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Somerset Apple Cake

Somerset Apple Cake © Sue Todd 2015

Somerset Apple Cake © Sue Todd 2015

This Somerset Apple Cake is my “go to” comfort cake.  It’s not hard to make, and is soft, scrumptious and mouth-wateringly good whether you have it straight from the oven with cream or have it cold later.  I’ve been known to eat this for breakfast with a hot cup of coffee, it makes a lovely decadent start to the day.  However if you’re after a ‘pretty, knock-em dead sort of looking cake, this isn’t the way to go, this won’t provide your heart’s desire.  This Apple Cake is a rustic, wholesome fill you up and make you feel good cake.

This recipe is adapted from an old recipe in my very old, battered and much used copy of Farmhouse Kitchen.  I’d forgotten about the TV show that went with this series of books, until I went to look the book up on Amazon.  It featured on daytime TV from Yorkshire Television along with other favourites like Watch With Mother.  Whatever happened to good day time TV?  Now we have Jeremy Kyle??  Perhaps I’m getting old?  I know what I’d prefer to see and it’s not Jeremy!

Somerset Apple Cake and Cream, © Sue Todd 2015.

Somerset Apple Cake and Cream, © Sue Todd 2015.

However I digress.  Back to Apple Cake.  The original recipe uses candied peel, white flour and insists on Bramleys.  Bramleys do work really well in this recipe it I have to admit, but I’ve also used whatever apples I have to hand and it’s always come out okay, though sometimes it does need a bit longer in the oven, and even then it can sink a little in the middle. Though in this case it adds to the rustic charm and the gooey centre is just lovely.   My version uses wholemeal flour, vanilla sugar, and some extra vanilla (you can’t get too much of a good thing after all), while omitting the dried peel.  The original also used a sprinkling of granulated sugar on the top.  I don’t have any of that in my kitchen, so its my vanilla sugar that I use here, plain unrefined castor sugar will do just as well though if you have no vanilla sugar.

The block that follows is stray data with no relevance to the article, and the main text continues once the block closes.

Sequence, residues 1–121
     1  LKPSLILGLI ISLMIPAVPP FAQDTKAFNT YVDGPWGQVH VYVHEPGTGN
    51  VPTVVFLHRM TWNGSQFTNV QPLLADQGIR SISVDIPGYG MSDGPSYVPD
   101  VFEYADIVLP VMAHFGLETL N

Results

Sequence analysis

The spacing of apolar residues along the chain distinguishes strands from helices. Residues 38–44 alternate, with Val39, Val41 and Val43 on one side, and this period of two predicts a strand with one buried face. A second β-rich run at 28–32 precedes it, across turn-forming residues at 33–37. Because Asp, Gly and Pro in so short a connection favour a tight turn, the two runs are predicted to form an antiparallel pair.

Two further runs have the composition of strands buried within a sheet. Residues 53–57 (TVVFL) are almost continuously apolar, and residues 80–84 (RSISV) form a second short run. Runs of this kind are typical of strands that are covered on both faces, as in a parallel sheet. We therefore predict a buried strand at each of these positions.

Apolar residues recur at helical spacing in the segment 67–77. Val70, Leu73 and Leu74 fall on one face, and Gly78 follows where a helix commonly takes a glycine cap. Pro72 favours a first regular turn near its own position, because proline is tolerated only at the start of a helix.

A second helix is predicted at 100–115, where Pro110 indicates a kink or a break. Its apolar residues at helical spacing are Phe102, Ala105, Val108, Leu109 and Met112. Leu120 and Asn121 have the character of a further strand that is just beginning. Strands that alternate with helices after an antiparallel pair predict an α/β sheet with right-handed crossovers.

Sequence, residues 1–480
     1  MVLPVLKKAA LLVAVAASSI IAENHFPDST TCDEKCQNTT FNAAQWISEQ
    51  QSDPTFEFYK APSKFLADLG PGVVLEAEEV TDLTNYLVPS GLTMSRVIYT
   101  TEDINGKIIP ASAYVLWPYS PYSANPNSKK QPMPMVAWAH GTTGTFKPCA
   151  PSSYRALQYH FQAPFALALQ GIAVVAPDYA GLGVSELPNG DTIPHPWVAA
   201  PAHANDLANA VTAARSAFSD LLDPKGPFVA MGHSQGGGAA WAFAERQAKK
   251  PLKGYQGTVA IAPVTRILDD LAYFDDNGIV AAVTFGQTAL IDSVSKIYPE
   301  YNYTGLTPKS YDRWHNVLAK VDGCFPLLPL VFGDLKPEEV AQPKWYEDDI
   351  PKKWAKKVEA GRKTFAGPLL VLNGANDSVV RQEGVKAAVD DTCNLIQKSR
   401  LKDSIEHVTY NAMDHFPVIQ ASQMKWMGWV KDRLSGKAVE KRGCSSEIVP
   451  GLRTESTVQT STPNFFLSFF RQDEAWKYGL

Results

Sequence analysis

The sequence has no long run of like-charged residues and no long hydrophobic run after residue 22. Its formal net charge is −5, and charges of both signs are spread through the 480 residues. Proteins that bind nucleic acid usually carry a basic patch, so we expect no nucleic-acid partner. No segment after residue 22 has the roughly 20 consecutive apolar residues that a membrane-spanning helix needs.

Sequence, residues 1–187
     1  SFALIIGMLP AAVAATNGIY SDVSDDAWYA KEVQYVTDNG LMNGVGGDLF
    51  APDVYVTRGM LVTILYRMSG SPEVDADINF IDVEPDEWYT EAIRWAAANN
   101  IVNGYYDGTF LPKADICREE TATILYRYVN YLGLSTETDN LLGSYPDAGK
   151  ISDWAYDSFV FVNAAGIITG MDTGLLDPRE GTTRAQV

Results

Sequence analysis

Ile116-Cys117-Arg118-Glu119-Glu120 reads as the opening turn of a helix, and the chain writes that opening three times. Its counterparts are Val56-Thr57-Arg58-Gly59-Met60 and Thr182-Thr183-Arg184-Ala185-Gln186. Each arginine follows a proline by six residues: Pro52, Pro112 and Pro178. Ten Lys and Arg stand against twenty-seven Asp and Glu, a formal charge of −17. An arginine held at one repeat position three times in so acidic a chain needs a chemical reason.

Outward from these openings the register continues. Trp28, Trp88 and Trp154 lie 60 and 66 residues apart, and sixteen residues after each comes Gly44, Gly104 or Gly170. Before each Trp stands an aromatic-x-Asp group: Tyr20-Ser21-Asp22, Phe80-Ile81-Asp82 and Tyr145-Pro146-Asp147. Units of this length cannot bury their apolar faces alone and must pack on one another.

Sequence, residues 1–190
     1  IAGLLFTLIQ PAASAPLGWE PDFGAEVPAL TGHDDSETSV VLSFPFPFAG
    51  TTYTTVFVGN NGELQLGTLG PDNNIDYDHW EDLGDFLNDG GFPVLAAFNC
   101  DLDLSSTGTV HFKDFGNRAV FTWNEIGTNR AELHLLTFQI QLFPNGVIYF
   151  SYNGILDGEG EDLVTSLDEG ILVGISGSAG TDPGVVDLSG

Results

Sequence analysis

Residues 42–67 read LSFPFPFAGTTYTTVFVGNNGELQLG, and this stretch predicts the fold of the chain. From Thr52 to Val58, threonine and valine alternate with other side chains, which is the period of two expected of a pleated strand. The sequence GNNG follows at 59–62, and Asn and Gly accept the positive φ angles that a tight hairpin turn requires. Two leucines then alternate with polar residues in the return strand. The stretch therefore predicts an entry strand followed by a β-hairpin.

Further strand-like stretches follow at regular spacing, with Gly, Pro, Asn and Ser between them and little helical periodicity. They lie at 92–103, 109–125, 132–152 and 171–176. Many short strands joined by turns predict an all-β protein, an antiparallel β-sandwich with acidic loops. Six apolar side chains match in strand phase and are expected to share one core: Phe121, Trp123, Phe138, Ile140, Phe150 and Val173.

I know I already explained this, but It’s not a pretty, decorative cake, it’s a wholly functional, rib sticking autumn/winter goodness on a plate kind of cake. Actually I think this one works anytime and it’s totally scrummy comfort food at any time of day or night, hot or cold.

Ingredients for Apple Cake:

  • 3oz butter,
  • 6oz vanilla sugar, or unrefined castor sugar,
  • grated rind from one orange,
  • 1 tsp vanilla essence,
  • 8oz wholemeal self-raising flour,  (you can use white flour)
  • 1 lb apples (Bramley if you have them, or other cookers, but I use whatever I have), peeled,  cored and cut up into cubes,
  • 2 eggs, beaten,
  • 2 tablespoons milk,
  • approx 1 tbsp vanilla sugar for the topping
Somerset Apple Cake © Sue Todd 2015.

Somerset Apple Cake © Sue Todd 2015.

Method – to make Apple Cake:

If you are using a conventional oven, pre-heat to 350F/Gas 4.

Grease and line a 9 inch cake tin.

Cream the butter, sugar and orange rind together beating until the mixture is light and creamy in colour.